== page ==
Shocking! Blackouts hit US, Canada after powerful solar flare eruption, NASA satellite shows
The NASA Solar Dynamics Observatory spotted an M6-class solar flare eruption on the Sun. The strong ultraviolet radiation sparked a major radio blackout in North America that affected the US and Canada.
The coronal mass ejection (CME) that is racing to strike Earth tomorrow, July 13, is still on its way and it is likely to cause a terrifying solar storm. However, before that could hit, another solar menace has already struck the planet. On July 11, the NASA Solar Dynamics Observatory (SDO) detected a huge explosion on the northeastern limb of the Sun, which is believed to be a region where a new sunspot had emerged. The explosion produced a powerful M6-class solar flare eruption. The eruption was so strong that the ultraviolet radiation made its way to the Earth and sparked a radio blackout over North America. The majorly affected countries were the US and Canada.
According to a report by SpaceWeather.com, “A big new sunspot is emerging over the sun's northeastern limb, and it is crackling with solar flares. The strongest so far, an M6-class explosion on July 11th (1808 UT), saturated pixels in the telescope system onboard NASA's Solar Dynamics Observatory”.
It further added that the extreme ultraviolet flash resulted in ionizing the upper atmosphere of the atmosphere creating a radio blackout over North America and “doppler-shifting the frequency of America's WWV time-standard radio transmissions”.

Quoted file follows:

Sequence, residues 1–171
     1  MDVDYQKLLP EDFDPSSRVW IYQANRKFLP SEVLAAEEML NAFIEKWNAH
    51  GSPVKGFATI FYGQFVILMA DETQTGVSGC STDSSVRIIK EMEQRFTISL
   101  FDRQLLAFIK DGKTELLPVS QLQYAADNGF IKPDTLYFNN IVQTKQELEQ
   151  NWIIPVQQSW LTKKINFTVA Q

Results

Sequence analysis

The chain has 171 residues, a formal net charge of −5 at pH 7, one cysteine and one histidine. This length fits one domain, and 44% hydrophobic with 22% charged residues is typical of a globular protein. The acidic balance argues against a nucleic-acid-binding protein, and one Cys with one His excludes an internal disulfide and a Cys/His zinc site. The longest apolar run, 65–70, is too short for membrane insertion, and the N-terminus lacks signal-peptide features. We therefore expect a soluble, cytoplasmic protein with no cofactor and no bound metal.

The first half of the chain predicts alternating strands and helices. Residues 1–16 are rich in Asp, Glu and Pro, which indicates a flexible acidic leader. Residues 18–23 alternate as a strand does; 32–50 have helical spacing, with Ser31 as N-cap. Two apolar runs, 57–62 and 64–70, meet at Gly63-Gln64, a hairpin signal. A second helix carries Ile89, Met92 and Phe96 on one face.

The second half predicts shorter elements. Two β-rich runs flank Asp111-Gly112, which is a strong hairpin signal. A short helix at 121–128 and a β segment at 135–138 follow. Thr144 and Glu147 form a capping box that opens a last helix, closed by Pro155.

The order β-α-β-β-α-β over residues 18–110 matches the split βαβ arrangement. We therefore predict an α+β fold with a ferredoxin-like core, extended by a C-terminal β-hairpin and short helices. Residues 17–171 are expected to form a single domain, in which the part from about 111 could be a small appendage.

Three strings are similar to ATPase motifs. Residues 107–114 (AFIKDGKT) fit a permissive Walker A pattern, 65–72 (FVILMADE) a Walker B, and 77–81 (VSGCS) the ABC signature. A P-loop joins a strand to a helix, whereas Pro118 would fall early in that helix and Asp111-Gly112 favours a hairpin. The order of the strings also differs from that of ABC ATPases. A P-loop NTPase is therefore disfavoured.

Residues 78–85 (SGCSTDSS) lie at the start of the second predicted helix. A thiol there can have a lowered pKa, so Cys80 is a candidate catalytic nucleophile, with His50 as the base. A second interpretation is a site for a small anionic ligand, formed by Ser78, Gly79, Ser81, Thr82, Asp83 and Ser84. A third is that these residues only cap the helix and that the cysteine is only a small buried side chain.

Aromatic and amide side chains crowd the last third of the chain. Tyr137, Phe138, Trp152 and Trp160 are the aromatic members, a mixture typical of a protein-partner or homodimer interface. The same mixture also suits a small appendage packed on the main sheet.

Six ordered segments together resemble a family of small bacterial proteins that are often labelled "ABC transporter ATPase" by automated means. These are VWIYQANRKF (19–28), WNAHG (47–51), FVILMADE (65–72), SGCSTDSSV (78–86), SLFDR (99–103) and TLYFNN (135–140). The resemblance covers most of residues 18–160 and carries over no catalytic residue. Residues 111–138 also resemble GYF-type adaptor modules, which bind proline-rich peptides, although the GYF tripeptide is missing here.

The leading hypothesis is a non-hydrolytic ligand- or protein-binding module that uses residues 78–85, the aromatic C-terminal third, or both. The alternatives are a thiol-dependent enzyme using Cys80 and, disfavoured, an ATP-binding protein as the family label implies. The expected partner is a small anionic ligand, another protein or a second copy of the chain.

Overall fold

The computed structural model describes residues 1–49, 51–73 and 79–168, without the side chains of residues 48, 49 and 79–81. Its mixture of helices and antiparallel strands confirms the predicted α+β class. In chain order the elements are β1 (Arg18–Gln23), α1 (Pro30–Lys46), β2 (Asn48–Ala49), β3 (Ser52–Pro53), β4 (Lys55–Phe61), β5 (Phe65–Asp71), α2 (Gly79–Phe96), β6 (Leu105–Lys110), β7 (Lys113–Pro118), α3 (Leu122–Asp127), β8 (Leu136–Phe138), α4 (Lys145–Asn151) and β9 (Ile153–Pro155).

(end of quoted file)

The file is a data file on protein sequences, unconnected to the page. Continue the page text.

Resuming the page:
Blackouts plague the Earth as another solar storm approaches
This week has been rather lively in terms of solar activity. The week began with a threat of an internet apocalypse which was quickly debunked. Soon after, a CME release was noted by NASA satellites and it is expected to hit on Thursday. Meanwhile, a new and rather unstable sunspot has entered the Earth's view and has already exploded once sparking a blackout.
Shortwave radio blackouts block low-frequency radio waves. This majorly affects GPS connectivity and radio transmission for aviators, drone controllers, mariners, and emergency workers. If the intensity of the solar flare is high, and consequently a strong ionization of the Earth's atmosphere occurs, it can even block mobile networks and interfere with satellite internet connectivity.
While the threat of blackouts is gone, now the Earth must brace itself for the incoming solar storm.
How NASA Solar Dynamics Observatory monitors solar activity
The NASA Solar Dynamics Observatory (SDO) carries a full suite of instruments to observe the Sun and has been doing so since 2010. It uses three very crucial instruments to collect data from various solar activities. They include Helioseismic and Magnetic Imager (HMI) which takes high-resolution measurements of the longitudinal and vector magnetic field over the entire visible solar disk, Extreme Ultraviolet Variability Experiment (EVE) which measures the Sun's extreme ultraviolet irradiance and Atmospheric Imaging Assembly (AIA) which provides continuous full-disk observations of the solar chromosphere and corona in seven extreme ultraviolet (EUV) channels.
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